Handbrake Cable

Clearance to wheel weights

Cable Length:

Late chrome bumper: The cable exits the prop-shaft tunnel A, with two mounting points B (battery box) and C (axle tube), and the grease nipple X relatively close to the outside of the car.

Early rubber bumper exits in the same place, but only one mounting point B. Ordinarily this would put a grease nipple much further under the side of the car, but there wasn't one originally on RB cars. This is the longer CB cable on an RB car, but because of the position of the bracket the grease nipple is much further inboard. Now I've discovered the difference I'll probably reposition the bracket as per the CB car, and add the second bracket. That should make the grease nipple more accessible as well support the cable better, stopping it hitting the fuel tank. It can easily be reversed as and when I need to fit a pukka RB cable.

Cable Stretch:

An old stud-wheel cable measuring 30" from the tip of the nipple in the short cable at the compensation lever end, to the tip if the U-clip that attaches to the lever sticking out from the back-plate. A new, almost certainly wire-wheel axle cable measures 28.5" here.

A 1" 'shortener' fitted between the nipple and the fitting on the end of the outer sheath at the compensation lever

Clearance to wheel weights: The cable and lever should not project past the edge of the brake drum:

Leaving plenty of clearance - at least 1/2" - for stick-on wheel weights:

Compensator prior to 1977:

Orientation on Bee - released on the left, applied on the right:

Vee ditto, with shortener hence the compensator points more towards the off-side ... somewhat muckier than when first fitted:

Compensator components (from Brown & Gammons as the Leyland Parts catalogue omits some components). The two halves of the compensator lever (18, 19) are clamped together by the screw, lock-washer and nut (21, 22, 23) around the trunnion on the cable outer at one end, and bush (20) at the other. This assembly should then pivot freely on the 'link-pin' (14) with the stiff-nuts (15, 17) tightened. Stiff-nut 17 attaches the assembly to the bracket that is bolted to the diff casing:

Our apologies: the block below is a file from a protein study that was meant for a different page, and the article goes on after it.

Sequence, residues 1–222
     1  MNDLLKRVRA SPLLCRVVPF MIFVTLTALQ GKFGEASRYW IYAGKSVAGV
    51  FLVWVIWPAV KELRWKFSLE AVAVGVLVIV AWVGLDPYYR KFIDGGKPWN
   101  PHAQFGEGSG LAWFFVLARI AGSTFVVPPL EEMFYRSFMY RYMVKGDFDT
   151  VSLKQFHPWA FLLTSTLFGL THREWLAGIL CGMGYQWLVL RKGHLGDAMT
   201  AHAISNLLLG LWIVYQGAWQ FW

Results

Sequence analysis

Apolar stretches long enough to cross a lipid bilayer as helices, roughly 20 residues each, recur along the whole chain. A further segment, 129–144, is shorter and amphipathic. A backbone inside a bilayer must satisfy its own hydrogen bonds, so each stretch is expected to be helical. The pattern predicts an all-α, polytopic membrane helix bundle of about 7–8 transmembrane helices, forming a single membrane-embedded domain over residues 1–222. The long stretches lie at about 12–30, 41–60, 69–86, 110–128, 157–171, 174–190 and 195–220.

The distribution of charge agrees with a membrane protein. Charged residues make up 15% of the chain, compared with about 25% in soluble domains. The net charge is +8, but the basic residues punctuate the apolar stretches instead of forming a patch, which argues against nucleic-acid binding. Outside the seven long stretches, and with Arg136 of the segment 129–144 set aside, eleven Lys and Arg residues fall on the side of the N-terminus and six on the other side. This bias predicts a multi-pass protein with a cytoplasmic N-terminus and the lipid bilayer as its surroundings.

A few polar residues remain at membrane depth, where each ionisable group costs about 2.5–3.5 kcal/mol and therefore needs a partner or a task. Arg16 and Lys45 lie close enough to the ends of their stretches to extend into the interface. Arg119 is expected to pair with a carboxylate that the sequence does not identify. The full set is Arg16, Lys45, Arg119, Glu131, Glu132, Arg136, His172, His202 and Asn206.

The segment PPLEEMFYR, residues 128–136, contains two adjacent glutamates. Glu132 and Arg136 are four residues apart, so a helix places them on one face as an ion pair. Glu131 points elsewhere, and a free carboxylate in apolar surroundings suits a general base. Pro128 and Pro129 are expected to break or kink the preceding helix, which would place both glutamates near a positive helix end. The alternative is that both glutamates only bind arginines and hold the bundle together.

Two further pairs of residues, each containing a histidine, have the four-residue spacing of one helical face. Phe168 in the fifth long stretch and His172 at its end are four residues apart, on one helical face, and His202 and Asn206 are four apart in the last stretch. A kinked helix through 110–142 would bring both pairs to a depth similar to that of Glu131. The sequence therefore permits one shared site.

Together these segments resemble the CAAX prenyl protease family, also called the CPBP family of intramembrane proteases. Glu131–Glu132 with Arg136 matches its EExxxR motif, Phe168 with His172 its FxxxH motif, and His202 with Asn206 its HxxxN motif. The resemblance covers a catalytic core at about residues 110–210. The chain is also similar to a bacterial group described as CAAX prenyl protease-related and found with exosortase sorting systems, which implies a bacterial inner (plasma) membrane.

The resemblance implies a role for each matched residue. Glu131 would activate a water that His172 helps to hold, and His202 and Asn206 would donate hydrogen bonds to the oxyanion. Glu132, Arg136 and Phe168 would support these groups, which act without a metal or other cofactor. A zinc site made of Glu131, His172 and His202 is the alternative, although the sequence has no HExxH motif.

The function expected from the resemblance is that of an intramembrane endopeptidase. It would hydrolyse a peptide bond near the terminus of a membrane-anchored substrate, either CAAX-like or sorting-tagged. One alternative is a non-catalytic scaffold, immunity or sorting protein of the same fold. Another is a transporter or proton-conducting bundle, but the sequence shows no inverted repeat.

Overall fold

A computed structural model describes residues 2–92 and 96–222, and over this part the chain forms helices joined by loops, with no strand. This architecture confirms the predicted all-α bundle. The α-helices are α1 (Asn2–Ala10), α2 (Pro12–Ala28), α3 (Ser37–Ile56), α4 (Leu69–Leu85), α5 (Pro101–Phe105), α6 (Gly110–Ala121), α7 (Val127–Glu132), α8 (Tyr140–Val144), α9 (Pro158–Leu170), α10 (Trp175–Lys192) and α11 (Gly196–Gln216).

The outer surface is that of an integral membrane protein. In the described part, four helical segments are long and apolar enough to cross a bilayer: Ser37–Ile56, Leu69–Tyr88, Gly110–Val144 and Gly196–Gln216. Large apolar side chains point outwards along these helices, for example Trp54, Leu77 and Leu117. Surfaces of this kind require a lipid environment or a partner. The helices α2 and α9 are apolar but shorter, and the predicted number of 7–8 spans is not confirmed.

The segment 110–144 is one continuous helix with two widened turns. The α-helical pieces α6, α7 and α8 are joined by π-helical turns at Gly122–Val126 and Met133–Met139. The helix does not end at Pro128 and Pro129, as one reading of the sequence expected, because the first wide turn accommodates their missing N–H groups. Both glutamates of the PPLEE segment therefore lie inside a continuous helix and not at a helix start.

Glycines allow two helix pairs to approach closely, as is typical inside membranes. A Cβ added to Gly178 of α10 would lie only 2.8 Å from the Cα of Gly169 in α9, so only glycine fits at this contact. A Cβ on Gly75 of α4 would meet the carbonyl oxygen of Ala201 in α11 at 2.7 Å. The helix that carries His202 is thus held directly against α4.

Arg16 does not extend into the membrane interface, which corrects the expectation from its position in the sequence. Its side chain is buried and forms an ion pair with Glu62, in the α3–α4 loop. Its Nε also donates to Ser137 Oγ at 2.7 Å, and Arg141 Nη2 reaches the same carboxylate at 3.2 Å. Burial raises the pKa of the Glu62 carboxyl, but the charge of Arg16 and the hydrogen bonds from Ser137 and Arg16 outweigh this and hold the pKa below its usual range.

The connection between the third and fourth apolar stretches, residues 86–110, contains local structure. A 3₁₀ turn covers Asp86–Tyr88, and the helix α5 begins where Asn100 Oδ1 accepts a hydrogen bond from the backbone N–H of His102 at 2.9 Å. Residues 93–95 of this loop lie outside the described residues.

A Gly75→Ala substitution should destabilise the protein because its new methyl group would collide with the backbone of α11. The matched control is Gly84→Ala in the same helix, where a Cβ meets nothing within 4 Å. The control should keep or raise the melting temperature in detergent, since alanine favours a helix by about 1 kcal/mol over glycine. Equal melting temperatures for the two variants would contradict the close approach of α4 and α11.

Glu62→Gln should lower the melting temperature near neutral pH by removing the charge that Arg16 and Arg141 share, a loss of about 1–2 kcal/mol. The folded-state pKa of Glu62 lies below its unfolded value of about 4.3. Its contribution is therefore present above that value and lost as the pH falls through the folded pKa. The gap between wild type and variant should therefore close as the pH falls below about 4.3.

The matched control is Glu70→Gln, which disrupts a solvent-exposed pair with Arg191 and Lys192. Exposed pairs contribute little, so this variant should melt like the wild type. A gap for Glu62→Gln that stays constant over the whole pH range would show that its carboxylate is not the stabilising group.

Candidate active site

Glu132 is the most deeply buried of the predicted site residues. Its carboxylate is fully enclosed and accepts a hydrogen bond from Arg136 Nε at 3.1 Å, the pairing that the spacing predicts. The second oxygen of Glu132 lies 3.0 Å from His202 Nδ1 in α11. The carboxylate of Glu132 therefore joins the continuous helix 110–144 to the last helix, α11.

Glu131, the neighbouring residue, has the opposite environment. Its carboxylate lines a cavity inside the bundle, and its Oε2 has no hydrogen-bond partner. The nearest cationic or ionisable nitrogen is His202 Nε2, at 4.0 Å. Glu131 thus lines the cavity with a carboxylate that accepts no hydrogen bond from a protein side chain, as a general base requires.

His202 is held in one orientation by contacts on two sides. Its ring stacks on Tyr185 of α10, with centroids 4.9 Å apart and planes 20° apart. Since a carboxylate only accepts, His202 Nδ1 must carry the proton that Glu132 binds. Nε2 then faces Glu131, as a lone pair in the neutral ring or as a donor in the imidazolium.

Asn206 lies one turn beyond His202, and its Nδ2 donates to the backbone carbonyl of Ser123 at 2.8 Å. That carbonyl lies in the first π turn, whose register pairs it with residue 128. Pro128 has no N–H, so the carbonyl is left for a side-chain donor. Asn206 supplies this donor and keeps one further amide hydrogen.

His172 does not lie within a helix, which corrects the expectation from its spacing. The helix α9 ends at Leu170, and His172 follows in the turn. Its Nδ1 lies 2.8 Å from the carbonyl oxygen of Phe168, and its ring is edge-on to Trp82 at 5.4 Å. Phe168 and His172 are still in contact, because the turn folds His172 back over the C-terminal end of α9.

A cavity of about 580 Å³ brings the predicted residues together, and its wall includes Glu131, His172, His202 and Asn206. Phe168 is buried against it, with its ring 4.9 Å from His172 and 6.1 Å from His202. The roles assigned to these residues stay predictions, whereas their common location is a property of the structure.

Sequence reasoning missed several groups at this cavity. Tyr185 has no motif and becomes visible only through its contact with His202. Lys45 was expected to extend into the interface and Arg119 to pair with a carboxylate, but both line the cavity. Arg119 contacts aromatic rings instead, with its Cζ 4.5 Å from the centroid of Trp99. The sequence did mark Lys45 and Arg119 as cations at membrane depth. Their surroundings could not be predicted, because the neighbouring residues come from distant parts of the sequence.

Not even that shows the full story though. As you can see from the previous photos there is a large washer under the visible nut that butts up against the shoulder on the 'link pin', and with the compensator removed from the pin there is a crinkle washer and a plain washer that fits over the pin and butts up against the mounting bracket. If these last two are too thick, or if the hole in the outer washer is too large (i.e. it is an 'inner' washer) and allows it to go past the shoulder, tightening the nuts will quite likely jam the compensator preventing the off-side wheel being braked by the handbrake, or even worse locking it on. If slackening the visible nut frees the compensator up then that is what has happened. The same will happen if the compensator bush is seized to the link pin, but in that case only if the nut behind the bracket is left slack will the compensator be free to move, which allows the link pin to wobble about in the bracket wearing both parts.

Compensator 1977-on:

Showing the rubber flap attached to a flange on the axle casing, to which a bracket on the handbrake cable is attached. The rear pivot and mounting for the anti-roll bar can be seen on top of the axle casing (top left), but other than both being attached to the tube in adjacent areas the two are entirely separate.

Showing the rear of the diff, where the handbrake pivot used to be, with the anti-roll bar well out of the way.

November 2016: It was only when someone asked a question about an additional support for this cable that I realised something is missing from my pal's car. There should be a rubber strap (BHH 2136) through which the cable passes, attached to the diff cover bolt to the right of the level/filler plug in the above image, and indeed there does seem to be the spacer and remains of the strap under the bolt (arrowed). The Moss Europe image below shows how it is used (item 59). This strap deteriorates rapidly and apart from the bit under the bolt and washer may well vanish. Lack of it does not affect handbrake operation, but may allow the cable to rattle against the axle.

Showing the anti-roll bar, rear pivot on the axle casing, and front pivot mounting point on the body.


An old cable showing the stud that goes through a reinforced section of the tunnel to secure the outer (left), and the threaded adjuster rod:

The handbrake assembly has a lever (BHH1469) in the tunnel that is similar to the compensation lever on the diff casing, but the two halves are welded together: (Brown & Gammons)

Trunnion AHH5322 (left) and brass adjuster nut ACH5104: (Leacy)

The trunnion (26) fits in the two holes of the handbrake lever (37) (it can fall out when removing or refitting the cable and roll some distance!), the threaded section of the cable fitted with a 1/4" x 3/4" washer (28), an expanded spring (24) and another washer (27) is passed through the fitted trunnion, and finally the adjuster nut (25) is screwed on: (Brown & Gammons)